There is no set curriculum or work plan for a dentist once she’s running her own practice. However, due to the intensive nature of the dentistry curriculum, traditionally, the first two years of the program are rigorously scheduled with no time for exploration and no room for student self-direction. Not only is this a disservice to students who will have to self-direct during their careers, it’s stifling to students to want to excel and begin making a difference in people’s lives.

Projects in the first few years of the program have made huge impacts, including:

  • Providing oral health care to veterans without insurance
  • Providing oral health care, clean water, and computers to students at rural schools in Kenya
  • Developing expertise in the latest digital dentistry techniques
  • Research on brain and motor behavior adaptations in congenital orafacial anomalies
  • Studies of gender in patient-dentist relationships
  • Explorations of the efficacy of various techniques for teaching oral health care to children

Students do significant good in the world through their Pathways projects!

Roles and Tasks Accomplished

I served several roles in the Pathways program: project manager, curriculum designer, and program evaluator. The most challenging part of my involvement with the program was the timing: the core group of faculty planners had had six months to take the project from concept to enrollment. I was brought in over a year after the first students began the program. Therefore, this was a difficult case of “building the bridge as we walked on it” for an exceptionally complex program. Specific accomplishments with which I assisted the group include:

  • Compiling and refining existing goals for the three paths into a cohesive set of Pathways Program Goals
  • Finalizing activities and policies for all four years of the program for each of the three paths – including consensus-building among six co-directors and two administrative staff in less than an hour per week
  • Writing the policy manual for students, faculty, and administrators
  • Needs analysis and software selection, customization, and implementation of software to track students’ progress through the program
  • Student and faculty training sessions in person, in print, and via online videos
  • Developing the program evaluation plan
  • Collecting and analyzing program data and writing initial program evaluation reports

Related Presentation

Pathways ADEA 2014


Three Functions of Instructional Technologies

Learning technologies can deliver content, assess knowledge or – most importantly – foster engagement with the material and with other people

Learning technologies can be broken into three functional categories: content delivery, assessment, and engagement. There are ways to do each function either analog or digitally, and there are numerous digital tools each category (and some technologies span categories).  Knowing what you want to use technology for is a crucial first step to selecting a particular technology to use.

Content delivery

This is the subject matter we are trying to teach. Content can be delivered via spoken words, written words, and still or moving images. Common technologies include lecture, images, and videos.  It is crucial to recognize that content delivery is not sufficient to bring about learning.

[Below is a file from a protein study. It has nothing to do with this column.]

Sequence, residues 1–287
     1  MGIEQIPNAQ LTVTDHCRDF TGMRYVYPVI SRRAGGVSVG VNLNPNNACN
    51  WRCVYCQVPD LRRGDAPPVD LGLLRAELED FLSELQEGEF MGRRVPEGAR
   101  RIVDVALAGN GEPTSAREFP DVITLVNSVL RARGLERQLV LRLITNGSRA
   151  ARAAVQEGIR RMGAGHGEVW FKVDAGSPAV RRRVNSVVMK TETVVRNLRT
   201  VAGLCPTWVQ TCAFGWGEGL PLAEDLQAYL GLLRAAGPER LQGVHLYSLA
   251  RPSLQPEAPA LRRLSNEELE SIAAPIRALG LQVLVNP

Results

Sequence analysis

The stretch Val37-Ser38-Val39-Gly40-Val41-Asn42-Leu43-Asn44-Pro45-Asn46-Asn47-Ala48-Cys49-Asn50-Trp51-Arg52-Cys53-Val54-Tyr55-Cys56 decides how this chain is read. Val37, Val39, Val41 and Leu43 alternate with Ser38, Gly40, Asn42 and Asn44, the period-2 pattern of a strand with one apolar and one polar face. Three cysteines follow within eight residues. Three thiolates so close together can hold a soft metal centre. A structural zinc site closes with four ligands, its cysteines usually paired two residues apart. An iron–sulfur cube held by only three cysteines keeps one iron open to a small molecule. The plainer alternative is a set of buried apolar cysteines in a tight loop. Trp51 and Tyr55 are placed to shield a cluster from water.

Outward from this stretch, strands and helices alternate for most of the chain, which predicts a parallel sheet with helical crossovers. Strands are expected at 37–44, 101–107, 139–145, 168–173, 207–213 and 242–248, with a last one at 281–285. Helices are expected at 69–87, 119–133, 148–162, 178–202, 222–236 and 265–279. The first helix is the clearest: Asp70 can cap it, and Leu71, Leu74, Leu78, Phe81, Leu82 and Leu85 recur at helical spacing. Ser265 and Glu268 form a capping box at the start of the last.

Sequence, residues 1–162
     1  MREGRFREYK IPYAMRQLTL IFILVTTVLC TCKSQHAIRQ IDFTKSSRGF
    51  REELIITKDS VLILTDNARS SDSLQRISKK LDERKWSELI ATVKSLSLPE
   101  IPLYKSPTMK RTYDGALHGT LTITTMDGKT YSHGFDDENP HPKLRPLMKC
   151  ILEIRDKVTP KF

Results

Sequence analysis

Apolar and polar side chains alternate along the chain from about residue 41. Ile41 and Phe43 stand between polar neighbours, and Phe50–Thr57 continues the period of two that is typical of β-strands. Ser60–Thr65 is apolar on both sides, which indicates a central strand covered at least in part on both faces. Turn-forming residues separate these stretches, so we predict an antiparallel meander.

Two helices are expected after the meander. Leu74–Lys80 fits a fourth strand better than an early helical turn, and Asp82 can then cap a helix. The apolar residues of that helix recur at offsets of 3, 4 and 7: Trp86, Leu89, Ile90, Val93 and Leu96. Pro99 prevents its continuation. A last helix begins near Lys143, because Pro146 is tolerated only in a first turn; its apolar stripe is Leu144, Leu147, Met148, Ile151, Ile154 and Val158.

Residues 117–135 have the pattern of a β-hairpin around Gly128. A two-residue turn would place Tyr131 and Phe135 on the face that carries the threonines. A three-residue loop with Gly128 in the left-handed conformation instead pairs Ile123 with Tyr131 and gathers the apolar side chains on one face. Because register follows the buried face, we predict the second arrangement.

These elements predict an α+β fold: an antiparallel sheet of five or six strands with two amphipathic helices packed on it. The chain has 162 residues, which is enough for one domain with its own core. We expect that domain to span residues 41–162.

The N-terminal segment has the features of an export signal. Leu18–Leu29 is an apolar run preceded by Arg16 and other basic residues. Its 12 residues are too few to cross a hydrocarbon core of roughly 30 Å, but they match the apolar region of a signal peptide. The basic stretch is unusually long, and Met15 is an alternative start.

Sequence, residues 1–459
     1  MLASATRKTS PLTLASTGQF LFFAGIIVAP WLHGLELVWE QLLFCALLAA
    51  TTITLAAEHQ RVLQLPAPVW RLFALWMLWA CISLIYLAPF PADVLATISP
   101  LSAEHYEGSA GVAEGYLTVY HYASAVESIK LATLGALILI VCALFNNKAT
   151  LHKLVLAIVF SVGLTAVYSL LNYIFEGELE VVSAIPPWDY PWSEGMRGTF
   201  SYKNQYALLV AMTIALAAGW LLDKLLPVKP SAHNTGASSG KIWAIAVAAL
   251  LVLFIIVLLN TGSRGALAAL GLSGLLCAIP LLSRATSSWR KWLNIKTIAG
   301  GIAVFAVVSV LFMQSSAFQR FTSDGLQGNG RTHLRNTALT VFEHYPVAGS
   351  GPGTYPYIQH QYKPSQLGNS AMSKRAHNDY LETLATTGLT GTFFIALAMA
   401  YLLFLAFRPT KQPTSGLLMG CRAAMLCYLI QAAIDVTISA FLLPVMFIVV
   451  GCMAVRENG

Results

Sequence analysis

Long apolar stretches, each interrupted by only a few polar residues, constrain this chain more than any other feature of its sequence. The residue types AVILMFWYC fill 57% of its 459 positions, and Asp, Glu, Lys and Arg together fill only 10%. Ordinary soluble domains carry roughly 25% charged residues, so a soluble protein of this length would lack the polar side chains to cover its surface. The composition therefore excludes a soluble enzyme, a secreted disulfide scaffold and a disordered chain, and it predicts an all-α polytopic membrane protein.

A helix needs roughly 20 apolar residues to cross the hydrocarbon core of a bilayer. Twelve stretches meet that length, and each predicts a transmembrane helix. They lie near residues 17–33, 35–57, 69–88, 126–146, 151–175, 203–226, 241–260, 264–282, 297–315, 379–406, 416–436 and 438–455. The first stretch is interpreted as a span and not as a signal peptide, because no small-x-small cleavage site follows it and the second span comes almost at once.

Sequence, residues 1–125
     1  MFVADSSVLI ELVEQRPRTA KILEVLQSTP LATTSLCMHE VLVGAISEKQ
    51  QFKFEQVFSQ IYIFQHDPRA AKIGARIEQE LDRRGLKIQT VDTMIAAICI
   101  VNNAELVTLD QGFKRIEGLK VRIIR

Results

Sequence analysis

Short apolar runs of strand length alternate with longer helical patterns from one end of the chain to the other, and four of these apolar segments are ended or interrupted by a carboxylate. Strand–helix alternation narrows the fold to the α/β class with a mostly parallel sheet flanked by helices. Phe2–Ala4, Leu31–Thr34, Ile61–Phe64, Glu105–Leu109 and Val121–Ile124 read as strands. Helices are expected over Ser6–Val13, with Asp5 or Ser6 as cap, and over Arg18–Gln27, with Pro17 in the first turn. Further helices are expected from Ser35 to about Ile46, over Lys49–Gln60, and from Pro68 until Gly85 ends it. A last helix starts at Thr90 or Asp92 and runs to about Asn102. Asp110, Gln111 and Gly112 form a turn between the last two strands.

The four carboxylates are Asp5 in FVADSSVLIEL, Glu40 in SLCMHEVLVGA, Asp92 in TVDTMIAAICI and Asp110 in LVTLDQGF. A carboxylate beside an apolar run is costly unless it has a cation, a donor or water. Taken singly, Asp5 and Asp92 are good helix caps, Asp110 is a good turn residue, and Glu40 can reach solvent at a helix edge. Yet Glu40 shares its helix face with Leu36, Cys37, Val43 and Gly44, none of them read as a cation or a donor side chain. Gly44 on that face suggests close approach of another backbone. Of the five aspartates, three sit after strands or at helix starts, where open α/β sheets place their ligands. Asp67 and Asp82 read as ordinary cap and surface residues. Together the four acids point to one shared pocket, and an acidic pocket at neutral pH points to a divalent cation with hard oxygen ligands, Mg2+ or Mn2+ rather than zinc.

Assessment verifies students have learned something.  Assessment strategies boil down to two basic categories – written work (tell me what you know) and performance of a task (show me that you can do something). Common technologies include online testing software and recording a live performance.


Learning happens when students engage with learning material and find a place for it in their broader understanding.  Engagement is encouraged when students compare/contrast new material with what they already know, apply what they’ve learned, and help other people understand the material.  If your students aren’t learning your content well, consider enhancing your engagement strategies first. 

Related Presentation

ADEA 2014 Three types of instructional technologies

Educational Portfolio Program Development

Portfolios have more utility in conjunction with higher-order learning.

I have been designing reflective student portfolio programs since 1996, beginning with the Kalamazoo College Portfolio – which was, to our knowledge, the first required reflective electronic undergraduate portfolio in the US. I have since consulted with dozens of colleges and universities about starting their own portfolio programs.

Description of the Project

“Portfolio” is a defined differently by nearly every person who uses it. There are three main types of student portfolios:

  • Assessment Portfolios are collections of student work, and their primary purpose is to grade the student on their performance on course objectives. These are usually shared with course instructors.
  • Reflective Portfolios ask students to analyze their own actions, competence, thoughts, and feelings. They are usually shared with a small group of people, such as instructors, advisors, or peer facilitators.
  • Self-Presentation Portfolios are polished works targeted at an external audience, often with the hopes of helping a student get a job. These are seen as a detailed supplement to a resume and may contain examples of work.

Many portfolios incorporate elements of each of the types described above – but the most effective portfolio programs focus heavily in one or two areas. It’s just too hard to do everything well.

Importance and Impact of Project or Work

Portfolios have been a “hot item” in education for more than two decades. They have great potential to impact student learning, critical thinking skills, and confidence, but a significant amount of instructor and administrative effort is required to reap substantial benefits. There are times when portfolios are not appropriate – fore example, a portfolio is overkill for the assessment of straightforward, knowledge-level understanding. You don’t need a portfolio to tell you if a student has mastered algebra or has memorized vocabulary words.

My professional stance is that a bad portfolio program is worse than no portfolio at all, because it can waste precious time and cause significant frustration if it is perceived as a complex series of “hoops to jump through.” However, a well-designed portfolio program can have a transformative impact on student learning and confidence. With the depth and breadth of my experience, I am able to help academic programs:

  • clarify their needs, goals, and specific outcomes for a portfolio program;
  • decide which – if any – type of portfolio will meet their goals within their specific circumstances;
  • develop the program, including faculty and student buy-in and training materials.

Related Link

U Michigan Dental Hygiene Degree Completion Portfolio